For example, the main account or main webbank can be considered a directory which is only accessible by the webbank owner and the webbank. This main directory then has subdirectories associated therewith, with the webbank owner having full permissions and access to all webbank subaccounts. Each webbank subaccount, however, has a more limited access to data and more limited controls over the webbank subaccount's functions, as established by the webbank owner. As previously mentioned of course, all functions, permissions, and so forth are subject to the parameters set by and control of the metabank.
These subaccounts are subaccounts designated for different uses by the webbank owner, with different purposes and functions as further described below. In some simple examples, if the webbank owner is a parent, the subaccounts can be provided for children; if the webbank owner is a corporation, the subaccounts can be provided for employees; if the webbank owner is an organization they can be provided for members. In more complex examples, the subaccounts can be provided by any webbank owner for outside third parties, or for specific types of functions, or to segregate certain types of funds or financial powers, or for other purposes, as further discussed below.
These webbank subaccounts can be viewed in some ways as accounts maintained at the webbank owner's “bank”; however, these accounts can be provided with capabilities and functions beyond that of the traditional bank account. For example, each subaccount has customizable parameters associated with that subaccount, which are set by the webbank owner. One such customizable parameter is viewing access, wherein the webbank owner sets the identities of the parties who can view the contents of that webbank subsidiary such as account data or other data. Some parties may, therefore, be provided with the ability to review account data but nor engage in any transfers or transaction (read only). Another such customizable parameters include access to funds, wherein the webbank owner designates who can transfer funds out of that webbank, how much funds, where those funds can go, and so forth. For example, the webbank owner can designate who has the ability to withdraw money (under any parameters so designated); who has the ability to deposit money (under any parameters so designated); who has the ability to reverse a previous transaction, or stop a previously authorized transaction, or so forth. Another parameter includes the authority of a party with access to a webbank subaccount to create sub-subaccounts, i.e. webbank subbacounts off of that webbank subaccount. Other parameters involve financial cards, data storage (e.g. with respect to electronic safety deposit box functions), and so forth. Any combination of these functions or others, customized as desired, can be provided in conjunction with a particular webbank subsidiary.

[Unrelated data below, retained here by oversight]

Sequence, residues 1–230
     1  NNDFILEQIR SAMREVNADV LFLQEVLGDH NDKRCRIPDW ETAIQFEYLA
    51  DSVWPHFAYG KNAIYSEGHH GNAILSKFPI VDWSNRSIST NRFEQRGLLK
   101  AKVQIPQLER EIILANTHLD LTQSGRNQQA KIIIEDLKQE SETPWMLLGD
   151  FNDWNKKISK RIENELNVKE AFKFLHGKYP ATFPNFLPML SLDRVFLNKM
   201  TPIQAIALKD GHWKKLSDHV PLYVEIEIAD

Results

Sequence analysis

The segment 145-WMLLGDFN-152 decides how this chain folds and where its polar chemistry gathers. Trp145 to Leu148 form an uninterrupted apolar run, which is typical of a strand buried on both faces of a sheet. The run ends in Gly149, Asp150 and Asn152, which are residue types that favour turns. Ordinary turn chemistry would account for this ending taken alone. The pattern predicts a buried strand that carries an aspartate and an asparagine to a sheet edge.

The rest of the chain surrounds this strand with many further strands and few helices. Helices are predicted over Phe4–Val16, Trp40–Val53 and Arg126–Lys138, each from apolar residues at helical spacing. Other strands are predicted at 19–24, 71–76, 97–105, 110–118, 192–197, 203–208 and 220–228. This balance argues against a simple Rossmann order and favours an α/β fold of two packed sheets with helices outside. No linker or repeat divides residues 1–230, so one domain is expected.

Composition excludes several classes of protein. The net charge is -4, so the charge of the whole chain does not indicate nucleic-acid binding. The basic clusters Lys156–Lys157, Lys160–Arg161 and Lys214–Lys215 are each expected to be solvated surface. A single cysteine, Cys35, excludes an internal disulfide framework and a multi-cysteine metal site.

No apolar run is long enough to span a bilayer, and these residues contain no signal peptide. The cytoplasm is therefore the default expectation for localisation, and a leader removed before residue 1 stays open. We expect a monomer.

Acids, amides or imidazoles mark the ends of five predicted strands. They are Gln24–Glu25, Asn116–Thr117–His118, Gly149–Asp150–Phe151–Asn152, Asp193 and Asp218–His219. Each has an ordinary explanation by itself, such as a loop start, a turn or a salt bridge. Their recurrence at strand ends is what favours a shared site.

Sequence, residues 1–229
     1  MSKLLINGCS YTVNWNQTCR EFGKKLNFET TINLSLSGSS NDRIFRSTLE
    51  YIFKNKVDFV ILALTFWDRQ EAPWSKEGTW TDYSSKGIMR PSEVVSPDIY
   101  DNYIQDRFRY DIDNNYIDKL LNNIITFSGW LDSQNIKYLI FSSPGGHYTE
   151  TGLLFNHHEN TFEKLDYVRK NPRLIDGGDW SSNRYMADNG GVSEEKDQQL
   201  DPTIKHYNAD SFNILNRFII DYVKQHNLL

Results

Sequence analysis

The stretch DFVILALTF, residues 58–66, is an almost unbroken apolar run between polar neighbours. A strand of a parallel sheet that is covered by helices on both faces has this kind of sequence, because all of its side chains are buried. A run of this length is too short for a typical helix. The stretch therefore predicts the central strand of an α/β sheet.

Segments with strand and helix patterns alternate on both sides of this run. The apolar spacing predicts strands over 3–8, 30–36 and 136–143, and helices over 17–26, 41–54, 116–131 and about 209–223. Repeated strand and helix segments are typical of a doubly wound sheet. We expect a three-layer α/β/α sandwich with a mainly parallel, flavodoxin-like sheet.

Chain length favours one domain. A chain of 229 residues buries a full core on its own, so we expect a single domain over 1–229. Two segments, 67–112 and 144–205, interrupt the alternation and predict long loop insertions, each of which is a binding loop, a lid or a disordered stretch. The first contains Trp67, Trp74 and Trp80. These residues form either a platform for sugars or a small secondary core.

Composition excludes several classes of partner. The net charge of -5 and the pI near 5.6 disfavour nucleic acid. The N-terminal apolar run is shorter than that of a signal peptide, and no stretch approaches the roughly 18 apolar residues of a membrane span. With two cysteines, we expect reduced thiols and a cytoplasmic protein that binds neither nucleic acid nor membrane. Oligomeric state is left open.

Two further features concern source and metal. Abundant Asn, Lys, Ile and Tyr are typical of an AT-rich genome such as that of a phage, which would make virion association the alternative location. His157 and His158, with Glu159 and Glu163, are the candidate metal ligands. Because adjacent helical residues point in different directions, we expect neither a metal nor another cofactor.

Thus, permissions, authorizations and passwords can be granted for users by the webbank owner, such that only the users specifically authorized by the webbank owner can engage in specific activities, such as accessing specifically designated subaccounts, and/or such that the user can only engage in the specific activities at that subaccount authorized by the webbank owner. The methods and systems for configuring such permissions, authorizations and passwords are well known within the art of computer networking, with respect to numerous forms of networks, including but not limited to, intranets, extranets, virtual private networks, and so forth, any of which techniques, methods and systems can be used in conjunction with the inventions provided herein.
Not only the parameters of any webbank subaccount, but also any funds within the subaccount, or any programmable card (i.e. customized card) issued therefrom and/or linked to thereto, can also be set by the webbank owner or anyone authorized by the webbank owner. Numerous different types of customizable cards, and webbanks, and parameters for such webbanks, can be set for any subaccounts or customized (programmable) cards as disclosed herein. Numerous such embodiments are also disclosed the present inventor's prior patent applications listed above, all of which are expressly and fully incorporated herein by reference.
As discussed above, preferably each webbank, including each webbank subaccount (i.e. “webbank subsidiary”) itself corresponds to a website address, such that a unique website address can be provided to a third party, for the third party's access to that particular subaccount, without providing the third party with information regarding any other subaccount at the webbank owner's main webbank, or with any information regarding the webbank's main account. (In general, it is, of course, desirable that there be a requirement that the third party set a password for access to the subaccount).
The association of each webbank, including accounts and subaccounts, with a webaddress results in a structure wherein each webbank subsidiary can be accessed over the World Wide Web (“the web”) and can be controlled and modified over the web. In this manner, segments of a single bank account can be divided, modified, programmed with their own properties, and so forth in unique manners providing an entirely new level of financial functions and flexibility. Moreover, in accordance with the invention, it further results in a configuration wherein any website of any kind on the web, including any website currently existing on the web or websites created in the future, can obtain the ability to instantly send and receive funds, to become a virtual “bank”, and so forth.